Threshold pace can be determined most simply by looking at your most recent 5K race pace or a 2 mile time trial, assuming you ran them hard and finished gasping for air.  (If you didn't you need to look into pushing yourself harder).  Take your 2 mile race pace and add 30 seconds per mile or take your 5K race pace and add 20 seconds per mile.  Assuming you ran hard, this is approximately your aerobic threshold and the pace you should be pushing on a tempo run (or slightly slower).  An alternate approach for a well conditioned athlete is that this is your best pace for a 1 hour race, which could be anywhere from a 10K to a half marathon, depending on your pace.

Tempo runs are frequently done by warming up at your easy pace, followed by the tempo portion, and then ending with more easy running.  The fast portion can vary in length, but would typically not exceed about 30 minutes.  That is because this is about your 1 hour race time.  If you did it for longer that about 30 minutes too much recovery would be required and would disrupt your training.

A common approach to adding tempo runs into a training program is to add in a few minutes at a faster pace, maybe repeated 2 to 4 times during the run, and then over a period weeks collapsing these periods of perhaps 3 - 5 miles broken up by slow running between into a single period of perhaps 3 - 5 miles run fast with no breaks between.

Speed Work - Speed work is normally done as intervals (run fast for a period, recover, and repeat).  The purpose of this training is to push your ultimate limit (V02 Max) to greater and greater levels.  In other words, this training results in oxygen debt (so it isn't always fun), but it stresses your body's max and results in adaptation to that max.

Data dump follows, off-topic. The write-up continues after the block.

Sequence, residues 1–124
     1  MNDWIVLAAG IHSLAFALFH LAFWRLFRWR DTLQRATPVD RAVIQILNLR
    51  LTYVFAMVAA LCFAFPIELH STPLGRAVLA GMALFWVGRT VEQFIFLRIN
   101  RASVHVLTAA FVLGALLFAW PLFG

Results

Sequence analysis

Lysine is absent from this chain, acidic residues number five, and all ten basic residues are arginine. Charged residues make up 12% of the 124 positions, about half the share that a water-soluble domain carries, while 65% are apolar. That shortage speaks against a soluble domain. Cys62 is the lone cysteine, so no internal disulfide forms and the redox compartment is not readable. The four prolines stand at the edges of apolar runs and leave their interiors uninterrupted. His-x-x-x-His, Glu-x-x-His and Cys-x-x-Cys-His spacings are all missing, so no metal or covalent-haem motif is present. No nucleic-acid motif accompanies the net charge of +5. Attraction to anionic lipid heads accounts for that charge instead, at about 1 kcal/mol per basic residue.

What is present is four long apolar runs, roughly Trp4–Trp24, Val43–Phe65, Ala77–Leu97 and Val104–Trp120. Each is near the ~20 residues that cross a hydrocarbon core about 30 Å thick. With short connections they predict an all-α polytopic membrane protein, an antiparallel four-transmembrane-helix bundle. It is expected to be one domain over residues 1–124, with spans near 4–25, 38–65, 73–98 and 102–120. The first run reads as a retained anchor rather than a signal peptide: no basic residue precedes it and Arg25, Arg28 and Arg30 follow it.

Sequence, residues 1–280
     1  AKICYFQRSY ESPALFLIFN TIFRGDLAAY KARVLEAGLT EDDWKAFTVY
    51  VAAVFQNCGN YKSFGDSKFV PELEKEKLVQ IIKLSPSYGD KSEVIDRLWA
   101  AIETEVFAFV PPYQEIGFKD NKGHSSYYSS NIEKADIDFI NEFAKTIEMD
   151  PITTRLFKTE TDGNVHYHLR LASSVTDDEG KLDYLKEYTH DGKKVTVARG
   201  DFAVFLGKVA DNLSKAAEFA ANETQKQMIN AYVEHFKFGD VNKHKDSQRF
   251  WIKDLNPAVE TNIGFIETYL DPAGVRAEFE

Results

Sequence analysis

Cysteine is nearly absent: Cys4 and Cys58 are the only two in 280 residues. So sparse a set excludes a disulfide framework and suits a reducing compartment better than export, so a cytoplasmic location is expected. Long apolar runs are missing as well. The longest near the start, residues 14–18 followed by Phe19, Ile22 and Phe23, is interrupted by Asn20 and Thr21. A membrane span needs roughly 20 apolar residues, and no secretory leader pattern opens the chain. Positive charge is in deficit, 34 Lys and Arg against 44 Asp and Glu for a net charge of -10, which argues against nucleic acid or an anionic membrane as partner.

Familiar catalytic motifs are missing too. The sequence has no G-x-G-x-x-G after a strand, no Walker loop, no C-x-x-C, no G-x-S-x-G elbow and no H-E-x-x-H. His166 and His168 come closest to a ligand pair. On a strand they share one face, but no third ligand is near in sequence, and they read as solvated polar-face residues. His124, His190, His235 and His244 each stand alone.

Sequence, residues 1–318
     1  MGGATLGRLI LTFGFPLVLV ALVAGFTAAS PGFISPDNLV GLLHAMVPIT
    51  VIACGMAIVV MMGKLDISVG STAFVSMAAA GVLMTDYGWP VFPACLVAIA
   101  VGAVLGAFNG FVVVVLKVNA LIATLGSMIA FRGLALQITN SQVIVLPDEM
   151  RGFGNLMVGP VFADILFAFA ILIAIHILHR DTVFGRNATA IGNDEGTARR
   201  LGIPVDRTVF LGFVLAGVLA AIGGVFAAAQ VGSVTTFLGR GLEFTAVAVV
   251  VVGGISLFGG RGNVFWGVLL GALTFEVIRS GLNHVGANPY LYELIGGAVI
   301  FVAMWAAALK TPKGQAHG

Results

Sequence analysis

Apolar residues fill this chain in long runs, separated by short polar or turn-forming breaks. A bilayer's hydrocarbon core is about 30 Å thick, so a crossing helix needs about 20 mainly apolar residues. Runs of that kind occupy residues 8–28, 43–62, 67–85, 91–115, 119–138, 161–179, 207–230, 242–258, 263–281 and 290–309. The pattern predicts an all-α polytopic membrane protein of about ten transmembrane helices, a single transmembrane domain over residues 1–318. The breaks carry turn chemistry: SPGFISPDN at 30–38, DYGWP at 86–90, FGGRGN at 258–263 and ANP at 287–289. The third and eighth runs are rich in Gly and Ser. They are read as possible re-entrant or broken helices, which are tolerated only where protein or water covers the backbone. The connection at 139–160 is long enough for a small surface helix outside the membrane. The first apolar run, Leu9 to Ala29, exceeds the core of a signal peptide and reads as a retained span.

The most effective pace for speed work for distance runners appears to be just slightly faster than your 5K race pace.  However, this may get adjusted slightly upward if the intervals are long.  The most effective approach appears to be getting maximum time at a very high heart rate.  As a result, most coaches and authors aim towards intervals in the 3 to 6 minute range, with a 2 to 3 minute recovery between each one.  If the runner can complete about 20 minutes total at a fast pace, this is a very effective work out.  (Some elite runners may go slightly longer).  This means working up to something like 6 x 800 meters (plus or minus a repeat or two) with a 2 to 3 minute recovery for most runners.

This training is very effective at improving your maximum aerobic capacity and speed over distance.

Other Variations - There are drills, such as high knees (short strides lifting the knees as high as possible), butt kicks (slow strides exaggerating the back kick of the legs), and strides (short bursts of sprint speed) that develop raw leg speed.  These can be very effective for that purpose.

There are other variations on tempo runs or speed work.  Some of these are longer runs at a pace between easy and tempo pace, often referred to as steady state or race pace (for a marathon or half marathon).  The popularity of these techniques revolve around both the positive training effect of running "pretty hard" for a long distance as well as the idea that to run a long race like a marathon effectively, you need to teach your body to run that pace for a long time.  Marathon pace, for a well conditioned athlete is definitely slower than tempo pace, but harder than easy pace.  Training is specific.  To run efficiently at a given pace, your body needs to experience many miles at that pace.